Newswise — As women enter the ministry, they will find that “there will be voices inside and outside telling you, ‘You’re divine’ or ‘You’re demonic.’ But both are telling you a lie,” Julie Pennington-Russell, lead pastor of the First Baptist Church of Decatur, Ga., told an audience of primarily women at a recent Baylor University conference.
She spoke to nearly 200 people at Sacred Voices, the 2012 Women in Ministry Conference, sponsored by George W. Truett Theological Seminary at Baylor and Texas Baptist churches through the Cooperative Program of the Baptist General Convention of Texas.
Pennington-Russell recalled the note she got at one point early in her ministry: “Everything God is doing right now is because of you . . . You’re the best pastor this church has ever had,” the writer said.
But on the same day, she received an anonymous letter informing her that “you’re the worst pastor this church has ever had . . . I pray every day for your hasty departure.”
“One of those is harsh; the other leads to pride, which in my mind is the worse of the two,” Pennington-Russell said. “God is the only one who tells you the whole truth about yourself.”
One New Testament account is a marvelous example of how to handle conflicting messages — in that case given to men, the apostles Paul and Barnabas, as they healed a lame man, she said.
“The people who saw it started hollering, ‘The gods are here!’” she said. Paul and Barnabas, horrified, protested that they were merely humans.
The mood shifted when the apostles’ enemies showed up to incite the crowd. People stoned Paul until they thought he was dead, then hauled him out of town.
“In one moment they’re worshiped; in the next, they’re walloped,” Pennington-Russell said. “But when they get beat up, they shake it off. Why? Because they’re secure in their identity as God’s children and their commitment to their mission. They know who they are, and they know whose they are.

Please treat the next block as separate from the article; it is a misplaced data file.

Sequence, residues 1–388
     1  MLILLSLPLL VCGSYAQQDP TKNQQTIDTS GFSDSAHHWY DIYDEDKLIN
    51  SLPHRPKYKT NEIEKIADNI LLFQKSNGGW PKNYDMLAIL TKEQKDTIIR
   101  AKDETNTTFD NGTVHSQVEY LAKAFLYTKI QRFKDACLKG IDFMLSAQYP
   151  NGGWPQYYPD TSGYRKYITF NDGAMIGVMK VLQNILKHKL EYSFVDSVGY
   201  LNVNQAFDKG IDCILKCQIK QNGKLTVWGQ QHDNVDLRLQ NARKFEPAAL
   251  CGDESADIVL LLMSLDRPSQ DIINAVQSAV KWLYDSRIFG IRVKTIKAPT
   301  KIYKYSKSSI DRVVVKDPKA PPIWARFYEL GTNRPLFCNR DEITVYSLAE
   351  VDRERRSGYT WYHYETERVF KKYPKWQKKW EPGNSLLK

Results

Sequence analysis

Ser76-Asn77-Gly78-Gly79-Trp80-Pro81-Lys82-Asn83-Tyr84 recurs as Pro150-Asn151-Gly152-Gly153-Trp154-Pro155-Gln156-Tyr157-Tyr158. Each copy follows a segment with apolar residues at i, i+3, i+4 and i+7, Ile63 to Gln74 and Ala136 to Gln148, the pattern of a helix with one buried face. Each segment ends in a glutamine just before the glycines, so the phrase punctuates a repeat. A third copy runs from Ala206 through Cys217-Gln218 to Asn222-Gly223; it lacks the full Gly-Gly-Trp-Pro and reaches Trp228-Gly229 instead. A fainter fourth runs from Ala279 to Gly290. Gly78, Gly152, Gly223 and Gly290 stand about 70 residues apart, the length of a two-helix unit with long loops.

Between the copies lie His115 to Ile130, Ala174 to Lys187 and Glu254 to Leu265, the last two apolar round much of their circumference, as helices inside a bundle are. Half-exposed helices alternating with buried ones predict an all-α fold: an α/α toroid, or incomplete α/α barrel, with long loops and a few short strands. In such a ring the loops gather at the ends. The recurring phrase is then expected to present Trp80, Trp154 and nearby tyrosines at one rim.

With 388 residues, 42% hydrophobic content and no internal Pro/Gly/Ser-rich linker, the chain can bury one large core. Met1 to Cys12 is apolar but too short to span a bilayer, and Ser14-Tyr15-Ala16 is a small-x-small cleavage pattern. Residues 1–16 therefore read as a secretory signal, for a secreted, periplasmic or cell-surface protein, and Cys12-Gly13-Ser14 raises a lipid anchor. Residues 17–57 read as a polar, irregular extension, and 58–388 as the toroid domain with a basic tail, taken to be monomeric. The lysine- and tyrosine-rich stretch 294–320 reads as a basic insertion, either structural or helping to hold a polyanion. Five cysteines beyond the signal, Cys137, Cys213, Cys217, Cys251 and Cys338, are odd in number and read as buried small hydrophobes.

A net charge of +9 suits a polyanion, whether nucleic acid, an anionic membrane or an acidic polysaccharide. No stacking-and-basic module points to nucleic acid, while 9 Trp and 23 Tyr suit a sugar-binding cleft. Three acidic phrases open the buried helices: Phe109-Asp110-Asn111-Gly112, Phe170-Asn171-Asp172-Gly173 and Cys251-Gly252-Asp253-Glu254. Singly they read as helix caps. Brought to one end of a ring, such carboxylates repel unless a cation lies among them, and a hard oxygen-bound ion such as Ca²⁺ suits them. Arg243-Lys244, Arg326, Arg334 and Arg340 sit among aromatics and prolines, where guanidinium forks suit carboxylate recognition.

“There’s always going to be someone who wants to put you out of town. Then there are our own up-and-down opinions of ourselves. But when you let Jesus show you who you are, no one’s flattery will puff you up — and no one’s criticism will throw you down.”
During panel discussions, topics ranged from discerning a call to the ministry to pastoral time management to ways that lay leaders can encourage women pastors.
More than a third of students in Baptist seminaries are women, and the number of women pastors is small but increasing, according to a report by the Atlanta-based Baptist Women in Ministry.
Among nearly 7,500 Baptist churches with ties to four Baptist organizations, the number of women pastors grew from 102 (68 lead pastors and 34 co-pastors) in 2005 to 145 in 2012 (103 senior pastors and 42 co-pastors), said Pam Durso, executive director of Baptist Women in Ministry.
Texas has 23 women pastors —19 senior pastors and four co-pastors. The numbers reflect churches aligned with the Cooperative Baptist Fellowship, the Alliance of Baptists, the BGCT (Texas Baptists) and the Baptist General Association of Virginia. Baptist churches are autonomous, so gathering numbers is a challenge, Durso said.
Some Baptist churches grapple with whether women should be pastors, seeking to reconcile biblical texts about women’s significant roles in the ministries of Jesus and Paul with Scriptures about how women are to participate in worship, said Todd Still, Ph.D., professor of Christian Scriptures at Truett.